Both Essler and Bungum measure up at 5-foot-9, between 170 and 180 pounds. Perfect for the purposes of Gagliardi, who long before most understood that speed kills, especially at the NCAA Division III level. Adapting had long been Gagliardi’s trump card.

Gagliardi won 489 games, the most in college football history, and four national championships. He made his bones when the game was a bruising thug-fest with impenetrable defense. When the game evolved into an offensive firefight, he was ahead of the curve again, especially in the last 20 years. He devised ways to make modestly sized backs and receivers like Blake Elliott, Chris Palmer, Adam Herbst and Jeremy Loretz into All-Americans and game-changers.

His first championship team, in 1963, allowed just a touchdown per game. His second title team, in 1965, was 11-0 and allowed just 27 total points, an average of 2.5 points per game. In 1993, the Johnnies scored a then-NCAA record 702 points — a 54-points-per-game average — and in his final national championship season in 2003, led by Melrose-native Elliott, SJU scored 38 points per game while giving up just 11 per game.

Essler had his college choices down to St. John’s and St. Thomas before he made his visit to Collegeville. SJU’s current head coach, Gary Fasching, a 17-year Gagliardi assistant and got on Essler’s radar.

“Gary called me one day and got me up on a visit,” Essler said. “I met with John and the other coaches, and I just loved the campus, too. Great people. John’s one of the main reasons I went here. He’s one of the greatest football coaches ever. He had the most wins in history so I was intrigued.”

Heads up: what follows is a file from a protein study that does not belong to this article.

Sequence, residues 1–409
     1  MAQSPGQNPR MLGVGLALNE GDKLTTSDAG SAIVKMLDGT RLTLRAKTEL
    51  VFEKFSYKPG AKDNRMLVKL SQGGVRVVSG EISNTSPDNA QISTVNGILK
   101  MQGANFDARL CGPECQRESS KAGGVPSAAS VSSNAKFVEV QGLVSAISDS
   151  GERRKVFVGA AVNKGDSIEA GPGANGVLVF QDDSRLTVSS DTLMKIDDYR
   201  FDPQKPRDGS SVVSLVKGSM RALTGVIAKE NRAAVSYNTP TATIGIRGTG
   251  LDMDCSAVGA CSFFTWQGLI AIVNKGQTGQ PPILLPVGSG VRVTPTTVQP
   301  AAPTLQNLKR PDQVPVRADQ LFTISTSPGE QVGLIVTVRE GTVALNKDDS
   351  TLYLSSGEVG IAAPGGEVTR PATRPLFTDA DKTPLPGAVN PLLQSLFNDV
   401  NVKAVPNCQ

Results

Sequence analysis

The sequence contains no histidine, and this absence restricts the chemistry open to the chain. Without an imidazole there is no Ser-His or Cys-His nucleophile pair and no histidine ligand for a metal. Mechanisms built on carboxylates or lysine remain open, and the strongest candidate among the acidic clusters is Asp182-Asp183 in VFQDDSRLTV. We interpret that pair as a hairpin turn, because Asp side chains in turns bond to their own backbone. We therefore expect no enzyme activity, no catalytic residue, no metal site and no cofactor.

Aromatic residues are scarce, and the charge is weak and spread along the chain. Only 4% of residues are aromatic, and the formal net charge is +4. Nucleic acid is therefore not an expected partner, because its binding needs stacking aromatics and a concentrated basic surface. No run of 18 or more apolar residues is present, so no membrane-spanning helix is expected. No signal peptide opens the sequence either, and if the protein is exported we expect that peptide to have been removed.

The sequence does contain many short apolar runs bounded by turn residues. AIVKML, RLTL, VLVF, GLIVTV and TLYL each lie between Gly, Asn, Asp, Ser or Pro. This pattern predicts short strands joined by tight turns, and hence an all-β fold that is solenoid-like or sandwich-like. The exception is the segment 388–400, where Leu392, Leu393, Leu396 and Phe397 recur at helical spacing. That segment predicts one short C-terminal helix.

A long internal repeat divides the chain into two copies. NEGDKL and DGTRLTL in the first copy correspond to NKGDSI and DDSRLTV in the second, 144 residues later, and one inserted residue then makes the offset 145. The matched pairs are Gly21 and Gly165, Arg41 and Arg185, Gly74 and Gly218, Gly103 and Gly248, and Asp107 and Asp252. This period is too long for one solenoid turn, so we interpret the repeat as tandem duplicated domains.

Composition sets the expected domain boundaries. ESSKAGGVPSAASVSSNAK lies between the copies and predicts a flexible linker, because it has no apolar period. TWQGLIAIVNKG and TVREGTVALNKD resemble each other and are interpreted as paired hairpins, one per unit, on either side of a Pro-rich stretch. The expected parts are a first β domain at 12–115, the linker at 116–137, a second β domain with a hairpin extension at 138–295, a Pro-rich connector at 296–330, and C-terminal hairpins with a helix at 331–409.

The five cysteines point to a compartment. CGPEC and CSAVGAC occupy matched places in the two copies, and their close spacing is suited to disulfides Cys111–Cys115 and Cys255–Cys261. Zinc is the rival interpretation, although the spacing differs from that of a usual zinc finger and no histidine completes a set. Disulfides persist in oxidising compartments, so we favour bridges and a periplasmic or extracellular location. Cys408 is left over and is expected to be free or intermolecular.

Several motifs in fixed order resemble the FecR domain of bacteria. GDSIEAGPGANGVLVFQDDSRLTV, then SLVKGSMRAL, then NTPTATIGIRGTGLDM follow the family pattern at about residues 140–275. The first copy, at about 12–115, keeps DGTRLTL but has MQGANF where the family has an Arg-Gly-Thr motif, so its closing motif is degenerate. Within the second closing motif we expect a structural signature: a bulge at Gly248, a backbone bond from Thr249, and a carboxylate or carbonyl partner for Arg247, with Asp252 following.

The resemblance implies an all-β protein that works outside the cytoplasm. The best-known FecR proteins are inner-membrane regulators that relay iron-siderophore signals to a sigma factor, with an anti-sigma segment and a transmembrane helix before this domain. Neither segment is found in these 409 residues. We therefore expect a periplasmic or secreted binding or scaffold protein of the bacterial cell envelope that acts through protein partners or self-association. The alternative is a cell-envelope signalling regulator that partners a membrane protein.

Fasching got Essler on campus and got him into Gagliardi’s office, where “The Legend,” closed the deal.

“He’s funny, and he’s very nice, also,” Essler said with a laugh. “He can talk forever.”

Fasching also recruited Bungum, who was looking into several programs, including SJU rival Gustavus. The Bungum family got to know Fasching and Josh fell in love with the campus, the atmosphere and football tradition.

“I met John and here’s the all-time winningest coach and I was kind of in awe of him,” Bungum said. “Then he cracks a couple of jokes and you realize he’s just a normal guy who’s really good at coaching football. It was a pretty awesome experience the first time I met him.”

When Gagliardi announced after the 2012 season that he was retiring, Essler and Bungum had mixed feelings.

“He’s 86 years old so you had to see it coming at some point,” said Bungum, who stopped in Gagliardi’s office after his retirement. “It was shocking but not surprising. Winning is what he does so when you aren’t winning it’s kind of hard on him. It was a sad day here at St. John’s but it’s nice that I’ve gotten to know him as a person after hearing about him for so long.”

Essler stopped by Gagliardi’s office a couple of days after the announcement, when the hubbub had subsided.

“I just thanked him for getting me on campus,” said Essler, who would like to pursue college football coaching after graduation. “This has been a great experience and I love the place.”

On game days and in practice, the SJU tradition is still the same, with just a little tweaking.

Former SJU star quarterback Kurt Ramler was installed as offensive coordinator and brought some new ideas, Essler said.

Practices now are a little quicker paced and there’s more individual work with position groups, Bungum said.

“Jake and I have had to learn a few new things, but overall the culture is the same,” Bungum said. “The basic concepts are the same.”

A big test for the new-age Johnnies comes Saturday. The Johnnies lead the rivalry 49-31-1 but the Tommies have owned SJU of late. After squeaking out a one-point win in 2010, the Tommies handled the Johnnies, 63-7 in 2011 and 43-21 last year.

“We’re looking forward to Saturday,” Bungum said. “We have to execute our plays and not make some of the mistakes we’ve made the last couple of weeks. We have a talented team and if we can put some things together, I think we can give them a run.”

Tom Larson

Tom Larson is the sports editor of the West Central Tribune.